Paying the Price
Let’s be in no doubt about it. Humanity is beginning to pay the price for our negligence about the Climate Crisis, and that price is only going to increase.
India and Pakistan have been suffering from exceptionally high temperatures since March this year. The hot season arrived unusually early, affecting north-western India and Pakistan, setting a record as the hottest March since records began 122 years ago. It has also been combined with a drought, with rainfall being only a quarter to a third of normal.
Several cities across India had high temperatures over 42.8 °C (109 °F), reaching 45 °C in some cities and while in Pakistan the city of Nawabshah recorded an unimaginably high temperature of 121 °F. Birds were seen falling from the sky in Gujarat.
The rich have the option of retreating to air-conditioned homes and offices, but for the poor there is little escape. Imagine, then, being a peasant or labourer who has to work in such temperatures.
“It’s become impossible to work after 10 o’clock in the morning,” said Sunil Das, a rickshaw puller in Noida on the outskirts of Delhi. “I head back home after 10 and resume in the evening when the heat has subsided a bit,” Das said. “It has reduced my earnings but what alternative do I have?”
Imagine, too, the consequences of your well or water hole going dry in such heat and drought… Human life ceases to be sustainable.
‘But that is India. Thousands of miles away.’ There will be some that consciously or unconsciously diminish the enormity of the event in such ways. ‘Things like that often happen in India or Africa. They must be used to it.’ ‘They’ve brought it on themselves with their coal mines.’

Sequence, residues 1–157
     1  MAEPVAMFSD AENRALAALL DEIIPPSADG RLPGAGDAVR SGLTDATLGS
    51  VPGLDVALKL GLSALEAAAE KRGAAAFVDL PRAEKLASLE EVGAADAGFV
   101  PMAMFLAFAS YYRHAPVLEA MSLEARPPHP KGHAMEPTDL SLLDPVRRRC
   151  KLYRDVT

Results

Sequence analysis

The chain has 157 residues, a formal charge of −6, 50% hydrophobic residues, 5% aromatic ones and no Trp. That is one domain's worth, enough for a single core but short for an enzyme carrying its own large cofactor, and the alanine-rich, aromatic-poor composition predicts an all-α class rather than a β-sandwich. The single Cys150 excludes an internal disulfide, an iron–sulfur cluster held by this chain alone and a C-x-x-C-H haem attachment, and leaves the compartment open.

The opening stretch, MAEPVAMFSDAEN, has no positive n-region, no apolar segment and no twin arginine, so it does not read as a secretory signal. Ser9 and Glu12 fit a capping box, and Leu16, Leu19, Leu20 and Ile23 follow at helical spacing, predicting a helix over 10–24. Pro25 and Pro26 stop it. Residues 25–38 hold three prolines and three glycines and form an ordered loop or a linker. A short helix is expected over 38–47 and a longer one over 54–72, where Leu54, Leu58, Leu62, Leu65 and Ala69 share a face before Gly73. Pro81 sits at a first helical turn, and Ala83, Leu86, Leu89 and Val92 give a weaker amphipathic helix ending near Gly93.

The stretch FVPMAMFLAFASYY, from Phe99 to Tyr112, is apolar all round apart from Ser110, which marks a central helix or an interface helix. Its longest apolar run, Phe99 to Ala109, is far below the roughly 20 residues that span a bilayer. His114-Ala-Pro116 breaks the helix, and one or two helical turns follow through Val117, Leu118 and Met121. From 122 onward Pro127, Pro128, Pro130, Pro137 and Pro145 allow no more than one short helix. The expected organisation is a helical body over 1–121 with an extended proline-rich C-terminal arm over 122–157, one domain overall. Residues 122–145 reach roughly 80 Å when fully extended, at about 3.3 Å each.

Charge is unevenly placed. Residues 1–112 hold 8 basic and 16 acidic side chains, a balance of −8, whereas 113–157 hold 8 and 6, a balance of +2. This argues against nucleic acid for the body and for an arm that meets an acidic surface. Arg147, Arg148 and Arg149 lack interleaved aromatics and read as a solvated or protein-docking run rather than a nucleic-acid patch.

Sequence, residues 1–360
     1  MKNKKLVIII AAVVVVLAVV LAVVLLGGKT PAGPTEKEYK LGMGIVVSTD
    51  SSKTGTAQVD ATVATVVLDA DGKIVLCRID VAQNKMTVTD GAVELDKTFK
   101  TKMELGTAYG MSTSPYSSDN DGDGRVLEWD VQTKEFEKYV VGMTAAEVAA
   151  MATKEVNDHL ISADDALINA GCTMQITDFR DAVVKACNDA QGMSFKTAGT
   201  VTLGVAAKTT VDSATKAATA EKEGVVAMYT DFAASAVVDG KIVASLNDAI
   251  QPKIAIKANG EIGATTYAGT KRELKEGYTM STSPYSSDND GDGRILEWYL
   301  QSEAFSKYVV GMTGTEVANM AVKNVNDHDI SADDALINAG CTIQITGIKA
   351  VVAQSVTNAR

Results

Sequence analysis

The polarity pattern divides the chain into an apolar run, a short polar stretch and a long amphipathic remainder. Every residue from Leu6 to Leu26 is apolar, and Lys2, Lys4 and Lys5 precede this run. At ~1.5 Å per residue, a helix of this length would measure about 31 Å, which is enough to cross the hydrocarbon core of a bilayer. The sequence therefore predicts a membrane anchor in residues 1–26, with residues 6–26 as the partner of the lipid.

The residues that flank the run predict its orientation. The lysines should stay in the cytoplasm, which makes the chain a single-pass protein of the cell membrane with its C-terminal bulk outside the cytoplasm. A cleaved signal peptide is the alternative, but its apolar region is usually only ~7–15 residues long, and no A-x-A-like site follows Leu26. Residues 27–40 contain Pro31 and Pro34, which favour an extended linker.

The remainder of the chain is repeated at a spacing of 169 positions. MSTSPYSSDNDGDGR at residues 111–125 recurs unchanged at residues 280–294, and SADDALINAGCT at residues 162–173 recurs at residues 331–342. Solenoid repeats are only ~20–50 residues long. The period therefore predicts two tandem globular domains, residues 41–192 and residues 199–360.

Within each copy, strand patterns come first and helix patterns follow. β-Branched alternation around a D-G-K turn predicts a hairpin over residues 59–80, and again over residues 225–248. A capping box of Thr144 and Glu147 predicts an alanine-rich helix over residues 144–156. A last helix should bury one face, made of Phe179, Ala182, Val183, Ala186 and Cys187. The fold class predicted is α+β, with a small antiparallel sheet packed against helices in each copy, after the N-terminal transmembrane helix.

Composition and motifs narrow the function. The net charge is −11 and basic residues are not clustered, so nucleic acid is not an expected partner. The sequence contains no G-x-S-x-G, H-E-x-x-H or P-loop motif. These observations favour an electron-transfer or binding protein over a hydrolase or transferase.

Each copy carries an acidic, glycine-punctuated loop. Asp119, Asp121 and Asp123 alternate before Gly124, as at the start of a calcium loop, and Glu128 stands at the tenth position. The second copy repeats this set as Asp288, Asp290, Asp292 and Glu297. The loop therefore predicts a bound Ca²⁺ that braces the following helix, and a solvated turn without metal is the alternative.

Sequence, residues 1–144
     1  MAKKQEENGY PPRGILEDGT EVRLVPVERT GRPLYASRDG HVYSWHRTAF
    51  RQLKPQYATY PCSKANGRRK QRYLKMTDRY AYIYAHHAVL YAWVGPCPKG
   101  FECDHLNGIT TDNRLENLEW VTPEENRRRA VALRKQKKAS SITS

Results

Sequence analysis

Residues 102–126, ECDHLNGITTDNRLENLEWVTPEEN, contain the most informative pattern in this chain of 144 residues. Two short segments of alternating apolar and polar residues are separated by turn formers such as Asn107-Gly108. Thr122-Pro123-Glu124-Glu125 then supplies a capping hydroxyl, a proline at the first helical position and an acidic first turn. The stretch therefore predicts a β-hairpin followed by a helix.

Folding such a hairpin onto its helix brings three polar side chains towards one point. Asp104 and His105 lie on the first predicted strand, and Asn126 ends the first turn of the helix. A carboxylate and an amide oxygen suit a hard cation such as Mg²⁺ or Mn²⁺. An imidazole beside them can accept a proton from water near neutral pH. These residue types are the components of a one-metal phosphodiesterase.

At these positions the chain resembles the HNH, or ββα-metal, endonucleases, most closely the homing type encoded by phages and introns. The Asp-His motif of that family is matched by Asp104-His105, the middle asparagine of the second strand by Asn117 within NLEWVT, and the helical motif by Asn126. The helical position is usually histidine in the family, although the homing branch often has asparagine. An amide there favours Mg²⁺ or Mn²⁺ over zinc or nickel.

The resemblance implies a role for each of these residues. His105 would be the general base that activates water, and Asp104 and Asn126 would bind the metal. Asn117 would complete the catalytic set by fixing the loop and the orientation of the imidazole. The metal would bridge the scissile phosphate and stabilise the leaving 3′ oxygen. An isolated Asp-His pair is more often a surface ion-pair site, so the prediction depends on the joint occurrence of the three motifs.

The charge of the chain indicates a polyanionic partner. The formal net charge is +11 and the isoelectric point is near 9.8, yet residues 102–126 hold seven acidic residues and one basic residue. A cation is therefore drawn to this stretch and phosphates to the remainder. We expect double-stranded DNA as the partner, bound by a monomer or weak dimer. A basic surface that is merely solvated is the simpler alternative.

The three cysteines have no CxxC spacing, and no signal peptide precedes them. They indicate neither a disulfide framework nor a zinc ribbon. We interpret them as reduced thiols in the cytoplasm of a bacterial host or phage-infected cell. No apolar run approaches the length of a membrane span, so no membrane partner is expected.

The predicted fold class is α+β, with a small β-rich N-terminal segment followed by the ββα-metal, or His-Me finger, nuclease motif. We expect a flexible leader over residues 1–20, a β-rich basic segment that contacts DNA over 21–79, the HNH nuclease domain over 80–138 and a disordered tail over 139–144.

It is true that India is resorting to coal to generate the energy needed to empower an economy that will lead people out of poverty. But over 95% of the gases in our atmosphere that are causing these heatwaves are the product of 200 years of the fossil fuel powered economies of the developed world. It is our legacy.
We will come across arguments and blame games that are, at their heart, racist at worst or demonstrate a lurking post imperial mindset.
And despite the thousands of miles, we will feel the impact here ourselves, because of the impact on harvests. The heatwave is increasing local prices in India and reducing supply having occurred during the final weeks of the wheat growing season, killing the plants shortly before harvest.
We have become acutely aware of how dependent we are on Ukraine and Russia for wheat, fertilizer and sunflower oil. Together they account for 25% of the world’s wheat exports, an amazing 80% of sunflower oil exports and 15% of global fertilizer. Our food supply chains have never looked so vulnerable. Reductions in harvests anywhere else in the world will have even greater impacts on the affordability of food.
So that bad news is compounded by another record-breaking heat wave which hit parts of the US in June, with some states hitting triple digit temperatures. More than 100 million Americans were issued with heat and ‘excessive heat’ warnings while in Kansas at least 2,000 cattle died due to the heat and humidity. More than 100 high temperature records are expected to be broken during July, mainly across the southern and eastern regions of the US.
UN secretary general António Guterres has warned that humanity is facing a “perfect storm” and that the crises are widening inequality between the north and south. “Inequalities are still growing inside countries, but they are now growing in a morally unacceptable way between north and south and this is creating a divide which can be very dangerous from the point of view of peace and security.”
Meanwhile at home, our own Climate Change Committee, led by former Conservative environment secretary, Lord Debden, voiced fears that ministers may renege on the legally binding commitment to achieve net zero greenhouse gas emissions by 2050, noting “major policy failures” and “scant evidence of delivery”. Now more than ever we need to speak out and exert whatever influence we have.